air temperature of from about 150° F. to about 400° F.
,
Table 1 below shows the sporicidal activities of solu
tions prepared from the product of the modi?ed process
of this invention and c0ntaining,2.5 grams of spray-dried
powder in 100 ml. of 70% isopropanol. Test or
and an outlet air temperature of at least 50° less than
the inlet air temperature, an amount of from about 10%
to about 100% of the contained glyoxal of an alkali metal
ganismszBacillus subtilz‘s, Bacillus pumilus, Clostrz'dizmz
tetani and Clostridz'zzm sporvgenes.
salt being incorporated therein.
Table I
10
Thioglycollate broth—
Eugon broth-Hours
Hours
1
2
3
4
1
2
3
4
Runill‘ ......... ._++--+++_
sets?"
_---_
~i
i
-
—
-
—-
r
+
—-—
+
-_
-
Control**__-
+
+
-
-
+
_
._
._
ff
-
(+) = growth.
(—) =no growth.
(*)=spray-dried pre aratiou
(")=3.3 ml. of 30 0 commercial liquid glyoxal solution and 0.5%
sodium bicarbonate in 100 ml. of 70% isopropanol.
2. The process as set forth in claim 1 ‘wherein the
alkali metal salt is sodium bicarbonate.
3. The process as set forth in claim 1 wherein the
alkali metal salt is potassium bicarbonate.
4. The process of preparing a dry, solid glyoxal prod
15 not which comprises the step of spray-drying a pure aque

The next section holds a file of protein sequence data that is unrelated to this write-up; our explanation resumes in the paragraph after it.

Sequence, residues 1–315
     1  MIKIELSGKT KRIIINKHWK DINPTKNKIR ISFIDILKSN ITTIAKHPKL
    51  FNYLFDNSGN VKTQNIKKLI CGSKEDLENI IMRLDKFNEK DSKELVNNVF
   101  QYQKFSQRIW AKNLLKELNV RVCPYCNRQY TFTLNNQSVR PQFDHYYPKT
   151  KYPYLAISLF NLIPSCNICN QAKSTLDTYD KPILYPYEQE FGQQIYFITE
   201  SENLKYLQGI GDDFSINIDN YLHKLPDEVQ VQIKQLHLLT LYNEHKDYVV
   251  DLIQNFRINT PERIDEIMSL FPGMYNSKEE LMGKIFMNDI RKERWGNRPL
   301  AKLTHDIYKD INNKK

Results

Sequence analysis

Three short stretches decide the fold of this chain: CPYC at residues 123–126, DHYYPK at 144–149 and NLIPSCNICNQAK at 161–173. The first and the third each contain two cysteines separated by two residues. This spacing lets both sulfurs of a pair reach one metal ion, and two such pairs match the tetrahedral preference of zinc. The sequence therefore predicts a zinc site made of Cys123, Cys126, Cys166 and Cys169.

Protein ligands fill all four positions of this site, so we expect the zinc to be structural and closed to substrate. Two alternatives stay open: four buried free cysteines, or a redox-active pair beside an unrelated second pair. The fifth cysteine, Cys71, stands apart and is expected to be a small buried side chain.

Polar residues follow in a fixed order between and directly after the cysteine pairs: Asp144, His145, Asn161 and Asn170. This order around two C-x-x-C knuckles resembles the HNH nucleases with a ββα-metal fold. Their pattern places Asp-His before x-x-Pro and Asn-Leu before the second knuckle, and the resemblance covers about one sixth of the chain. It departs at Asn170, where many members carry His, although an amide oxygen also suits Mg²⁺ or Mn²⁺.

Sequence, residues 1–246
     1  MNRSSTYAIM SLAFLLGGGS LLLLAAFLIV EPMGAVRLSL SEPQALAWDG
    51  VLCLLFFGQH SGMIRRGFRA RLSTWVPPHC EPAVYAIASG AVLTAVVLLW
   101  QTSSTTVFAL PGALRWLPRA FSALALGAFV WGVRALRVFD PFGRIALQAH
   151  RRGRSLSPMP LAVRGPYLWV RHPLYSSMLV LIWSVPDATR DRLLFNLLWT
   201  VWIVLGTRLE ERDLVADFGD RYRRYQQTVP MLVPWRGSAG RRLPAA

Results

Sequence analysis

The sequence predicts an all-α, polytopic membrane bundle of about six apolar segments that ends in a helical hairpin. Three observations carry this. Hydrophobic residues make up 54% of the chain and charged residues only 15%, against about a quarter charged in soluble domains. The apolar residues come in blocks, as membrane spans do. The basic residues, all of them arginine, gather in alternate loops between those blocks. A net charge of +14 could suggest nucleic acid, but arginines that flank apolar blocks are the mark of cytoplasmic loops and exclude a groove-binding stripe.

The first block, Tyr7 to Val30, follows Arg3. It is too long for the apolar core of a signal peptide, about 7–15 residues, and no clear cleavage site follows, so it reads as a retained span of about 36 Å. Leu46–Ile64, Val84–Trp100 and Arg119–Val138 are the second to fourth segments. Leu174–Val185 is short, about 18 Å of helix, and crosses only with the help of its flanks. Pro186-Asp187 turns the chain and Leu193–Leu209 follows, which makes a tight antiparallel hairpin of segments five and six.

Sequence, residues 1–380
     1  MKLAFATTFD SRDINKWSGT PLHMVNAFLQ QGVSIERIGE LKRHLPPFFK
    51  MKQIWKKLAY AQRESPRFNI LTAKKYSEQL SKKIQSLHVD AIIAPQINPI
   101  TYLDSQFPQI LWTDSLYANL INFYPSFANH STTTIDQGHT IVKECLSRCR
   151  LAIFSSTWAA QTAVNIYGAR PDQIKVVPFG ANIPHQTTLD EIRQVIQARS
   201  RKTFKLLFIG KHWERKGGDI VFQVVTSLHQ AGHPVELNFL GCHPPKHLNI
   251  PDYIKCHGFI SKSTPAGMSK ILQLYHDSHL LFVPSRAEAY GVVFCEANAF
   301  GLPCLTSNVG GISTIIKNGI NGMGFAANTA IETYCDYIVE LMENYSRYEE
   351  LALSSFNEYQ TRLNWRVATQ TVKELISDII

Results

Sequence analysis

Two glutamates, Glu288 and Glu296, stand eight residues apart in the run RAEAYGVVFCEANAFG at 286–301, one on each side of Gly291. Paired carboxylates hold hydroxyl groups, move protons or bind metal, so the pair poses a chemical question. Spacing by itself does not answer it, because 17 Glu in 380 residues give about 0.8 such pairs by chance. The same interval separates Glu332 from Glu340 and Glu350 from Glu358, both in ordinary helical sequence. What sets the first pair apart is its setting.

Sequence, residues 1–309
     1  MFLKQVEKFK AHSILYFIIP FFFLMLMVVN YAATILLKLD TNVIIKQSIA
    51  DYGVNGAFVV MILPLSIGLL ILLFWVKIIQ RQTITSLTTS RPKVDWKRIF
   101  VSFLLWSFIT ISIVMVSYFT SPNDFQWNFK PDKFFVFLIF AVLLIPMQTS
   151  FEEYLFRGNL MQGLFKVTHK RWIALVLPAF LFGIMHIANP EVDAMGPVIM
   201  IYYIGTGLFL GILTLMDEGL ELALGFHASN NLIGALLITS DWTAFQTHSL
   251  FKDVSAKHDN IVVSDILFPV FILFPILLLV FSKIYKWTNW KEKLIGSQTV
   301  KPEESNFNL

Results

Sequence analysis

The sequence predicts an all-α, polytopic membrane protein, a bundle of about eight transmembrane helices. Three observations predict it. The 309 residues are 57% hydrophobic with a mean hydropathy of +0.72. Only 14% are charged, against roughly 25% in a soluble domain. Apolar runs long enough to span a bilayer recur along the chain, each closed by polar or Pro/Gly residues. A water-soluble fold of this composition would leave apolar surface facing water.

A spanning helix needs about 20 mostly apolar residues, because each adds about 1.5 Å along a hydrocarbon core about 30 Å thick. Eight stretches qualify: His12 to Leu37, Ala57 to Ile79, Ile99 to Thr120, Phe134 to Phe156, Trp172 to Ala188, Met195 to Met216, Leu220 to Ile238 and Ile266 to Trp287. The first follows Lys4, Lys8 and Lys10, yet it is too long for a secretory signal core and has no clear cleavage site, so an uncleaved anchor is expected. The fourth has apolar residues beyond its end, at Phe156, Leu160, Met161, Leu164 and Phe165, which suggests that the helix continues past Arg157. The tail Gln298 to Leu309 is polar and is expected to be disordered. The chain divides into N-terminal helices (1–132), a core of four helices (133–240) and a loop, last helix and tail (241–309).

ous glyoxal solution at an inlet air temperature of from
about 150° F.‘ to about 400° F. and an outlet air tempera~
ture of at least 50° less than the inlet air temperature
from about 0.05% to about 1% of the contained glyoxal
20 of an alkali metal salt being incorporated therein.
5. The process as set forth in claim 4 wherein the
alkali metal salt is potassium bicarbonate.
6. The process as set forth in claim 4 wherein the
alkali metal salt is sodium bicarbonate.
It is to be understood that spray-drying methods de 25.
References Cited in the ?le of this patent
scribed herein are not intended to be limited to any par
UNITED STATES PATENTS
ticular mechanism, device or means of e?ecting drying
2,018,797
Lewis ________________ __ Oct. 29', 1935
through spray techniques. Any suitable means may be
employed to accomplish the physical transition, including
FOREIGN PATENTS
well-known, commercially available spray-drying devices,
it being only important, insofar as this invention is con
cerned, to maintain the proper temperature conditions and
to include in the spray mixture the additives necessary to
eifect the desired result.
'
653,588
Great Britain _________ __ May 16, 1951
OTHER REFERENCES
Weissberger: Technique of Organic Chemistry, vol.
35 H1 (1950), page 626.